An interesting aspect of the NEP is its seeming separation from the revolutionary vision of the Bolshevik Party. As a result, the Party faced a great challenge in rebuilding the Russian economy while avoiding returning to the ways of the old regime. With a wider socialist revolution in mind, the Bolsheviks naturally concerned themselves with posterity. As with all ideologies, the most effective way of preserving and evolving the Bolshevik ways was through Russian youth and a cultural revolution.

By the end of the Civil War and the 1921-22 Famine, it was believed that there were up to 7.5 million besprizornye, or homeless children, throughout the Soviet Union (Siegelbaum). Thus, the Bolsheviks established institutions for housing, feeding, and rehabilitating homeless children through the 1920s before collectivization was instituted (Siegelbaum). As seen on the poster above, the purpose behind educating and rehabilitating homeless children was to preserve the revolution and prevent youths from straying from “Communist values” (Neumann, 248). Nikolai Bukharin spearheaded the campaign to bring about a “fundamental change in the virtues of men, in their habits, in their feeling and desires, in the way they lived their daily life” (Neumann, 243). However, fostering the “New Soviet Man” came with its own challenges.

Despite efforts to educate Russian youth to be “a lively, active, healthy, disciplined youngster who subordinates to the collective and is prepared for and dedicated to learn, study, and work” like a good communist, the NEP was innately counter-revolutionary. The dire economic circumstances forced the Bolsheviks to compromise “in response to public pressure and in keeping with their own ideological predilections” and postpone the transition to socialism in favor of economic recovery and development (Neumann, 248)(Freeze, 308-309). As a result, educating Russian youth meant instilling the beliefs and principles of Bolshevism and the revolution despite the Bolshevik Party not acting on said beliefs.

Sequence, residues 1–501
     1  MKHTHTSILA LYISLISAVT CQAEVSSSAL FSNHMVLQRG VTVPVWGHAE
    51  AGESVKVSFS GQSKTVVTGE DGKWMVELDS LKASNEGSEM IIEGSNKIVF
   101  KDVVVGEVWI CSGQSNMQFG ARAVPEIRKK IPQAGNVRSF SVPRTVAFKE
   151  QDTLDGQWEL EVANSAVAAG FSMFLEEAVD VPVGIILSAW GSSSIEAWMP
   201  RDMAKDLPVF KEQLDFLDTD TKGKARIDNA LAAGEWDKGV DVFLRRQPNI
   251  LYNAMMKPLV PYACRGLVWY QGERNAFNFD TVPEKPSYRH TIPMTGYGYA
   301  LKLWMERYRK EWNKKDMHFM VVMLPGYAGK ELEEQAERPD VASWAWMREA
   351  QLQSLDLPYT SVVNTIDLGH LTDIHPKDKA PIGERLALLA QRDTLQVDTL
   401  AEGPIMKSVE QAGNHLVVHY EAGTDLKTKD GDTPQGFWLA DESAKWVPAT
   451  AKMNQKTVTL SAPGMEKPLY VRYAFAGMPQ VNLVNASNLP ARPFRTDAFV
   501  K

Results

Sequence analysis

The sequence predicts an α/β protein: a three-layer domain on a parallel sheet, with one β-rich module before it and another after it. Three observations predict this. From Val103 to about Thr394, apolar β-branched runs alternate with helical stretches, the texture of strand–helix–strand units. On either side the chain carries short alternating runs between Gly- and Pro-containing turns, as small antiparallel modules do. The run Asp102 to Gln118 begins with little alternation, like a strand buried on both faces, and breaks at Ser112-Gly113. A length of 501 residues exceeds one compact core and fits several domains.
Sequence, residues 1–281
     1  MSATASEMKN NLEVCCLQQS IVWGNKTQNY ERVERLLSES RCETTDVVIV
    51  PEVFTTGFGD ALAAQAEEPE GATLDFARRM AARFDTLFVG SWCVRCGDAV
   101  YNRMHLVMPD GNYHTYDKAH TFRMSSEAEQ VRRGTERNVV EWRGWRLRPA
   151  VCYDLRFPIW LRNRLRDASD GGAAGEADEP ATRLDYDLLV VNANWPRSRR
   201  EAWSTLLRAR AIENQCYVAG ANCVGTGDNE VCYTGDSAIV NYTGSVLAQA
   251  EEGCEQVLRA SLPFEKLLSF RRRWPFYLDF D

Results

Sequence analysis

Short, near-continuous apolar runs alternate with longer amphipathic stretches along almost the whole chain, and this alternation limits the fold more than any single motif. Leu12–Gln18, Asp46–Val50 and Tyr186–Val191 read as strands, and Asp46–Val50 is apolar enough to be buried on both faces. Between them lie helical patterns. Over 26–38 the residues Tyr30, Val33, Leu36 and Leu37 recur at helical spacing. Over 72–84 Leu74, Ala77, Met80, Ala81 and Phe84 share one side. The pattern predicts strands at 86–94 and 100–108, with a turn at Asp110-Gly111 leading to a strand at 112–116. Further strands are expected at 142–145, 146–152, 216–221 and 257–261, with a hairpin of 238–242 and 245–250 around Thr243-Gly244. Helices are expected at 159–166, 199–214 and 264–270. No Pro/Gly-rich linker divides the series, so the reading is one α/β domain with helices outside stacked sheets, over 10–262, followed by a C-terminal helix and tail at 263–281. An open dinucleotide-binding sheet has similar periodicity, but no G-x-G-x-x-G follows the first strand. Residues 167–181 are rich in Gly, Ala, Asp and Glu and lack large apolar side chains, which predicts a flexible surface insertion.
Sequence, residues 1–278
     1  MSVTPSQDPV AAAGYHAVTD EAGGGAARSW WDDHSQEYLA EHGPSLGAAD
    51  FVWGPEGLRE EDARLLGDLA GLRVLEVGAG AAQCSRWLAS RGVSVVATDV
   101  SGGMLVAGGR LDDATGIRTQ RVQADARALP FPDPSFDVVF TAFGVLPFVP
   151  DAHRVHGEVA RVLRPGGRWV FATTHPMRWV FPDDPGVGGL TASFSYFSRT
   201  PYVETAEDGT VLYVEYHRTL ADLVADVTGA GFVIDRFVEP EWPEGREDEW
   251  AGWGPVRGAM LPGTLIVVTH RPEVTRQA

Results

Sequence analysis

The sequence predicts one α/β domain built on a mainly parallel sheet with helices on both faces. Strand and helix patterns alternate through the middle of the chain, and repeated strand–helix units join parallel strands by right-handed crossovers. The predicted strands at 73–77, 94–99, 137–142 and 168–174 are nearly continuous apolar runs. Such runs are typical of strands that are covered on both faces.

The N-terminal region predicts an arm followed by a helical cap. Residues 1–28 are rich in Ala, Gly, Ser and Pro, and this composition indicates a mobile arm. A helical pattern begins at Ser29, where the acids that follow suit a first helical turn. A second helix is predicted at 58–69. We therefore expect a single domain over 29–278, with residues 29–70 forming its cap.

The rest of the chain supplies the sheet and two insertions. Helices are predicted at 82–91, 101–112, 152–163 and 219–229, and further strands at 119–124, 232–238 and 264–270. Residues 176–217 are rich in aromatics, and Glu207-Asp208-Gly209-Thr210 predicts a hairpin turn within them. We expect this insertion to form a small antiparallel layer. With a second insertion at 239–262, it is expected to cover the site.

What is most interesting about how the Bolsheviks handled children, especially homeless children, is that it seemed less about the public welfare and more about maximizing the number of devoted Bolsheviks under Party control through rehabilitation/indoctrination of children who otherwise had no family or opportunities. Regardless, the institutions established to combat homelessness among Russian youth saw horrible living conditions and high mortality rates (Siegelbaum). Additionally, the introduction of collectivization greatly increased the number of homeless children in the Soviet Union and the institutions for homeless children slowly withered and dissolved.

Overall, Soviet policies for educating youth and reducing the number of homeless children was wrought with inconsistency in planning and execution. The Bolsheviks constantly faced the challenge of preventing the Russian population from returning to pre-revolutionary social norms and practices, and attempted to bring about cultural revolution through the Union’s youth. However, the capitalist aspects of the NEP contradicted the socialist principles taught to youth and was ultimately a failed cause that was overturned by Stalin along with the NEP itself.

Works Cited

Neumann, Matthias. “Revolutionizing Mind and Soul? Soviet Youth and Cultural Campaigns during the New Economic Policy (1921-8).” 2008.

https://www.jstor.org/stable/pdf/25594258.pdf?refreqid=excelsior%3A2c30a6459d25c34c14f01fa471960cd8

Freeze, Gregory L. Russia: A History. New York: Oxford University Press, 2009.

The Works of Sergei Mikhailovich Prokudin-Gorskii (1863-1944)

The Works of Sergei Mikhailovich Prokudin-Gorskii (1863-1944)

Village of Saatli. Mugan Steppe

The image you see above is titled “Village of Saatli. Mugan Steppe” taken in 1905 by Sergei Mikhailovich Prokudin-Gorskii. During his travels throughout the Russian Empire, Gorskii traveled to the Caucasus region in 1904-1905 to photograph the many settlements established by various Russian subjects. The village of Saatli, pictured above, was established by Ukrainian migrants. Saatli is a shining example of Russian expansionist policy as well as its ethnic and geographic diversity. The settlers are seated on logs and wearing the distinctive sheepskin hats of Eastern Europe, surrounded by buildings made of wattle and mud. The areas surrounding the Aras River proved to be extremely harsh, with hot summer temperatures and the constant danger of flooding from the nearby Aras River. What I find most interesting about Gorskii’s photographs of the Caucasus is that they were made possible by the railroad system that further connected the Russian Empire under Sergei Witte’s industrialization policies of the late 19th century. As a result, the Russian Imperial frontier was increasingly connected with Russia itself.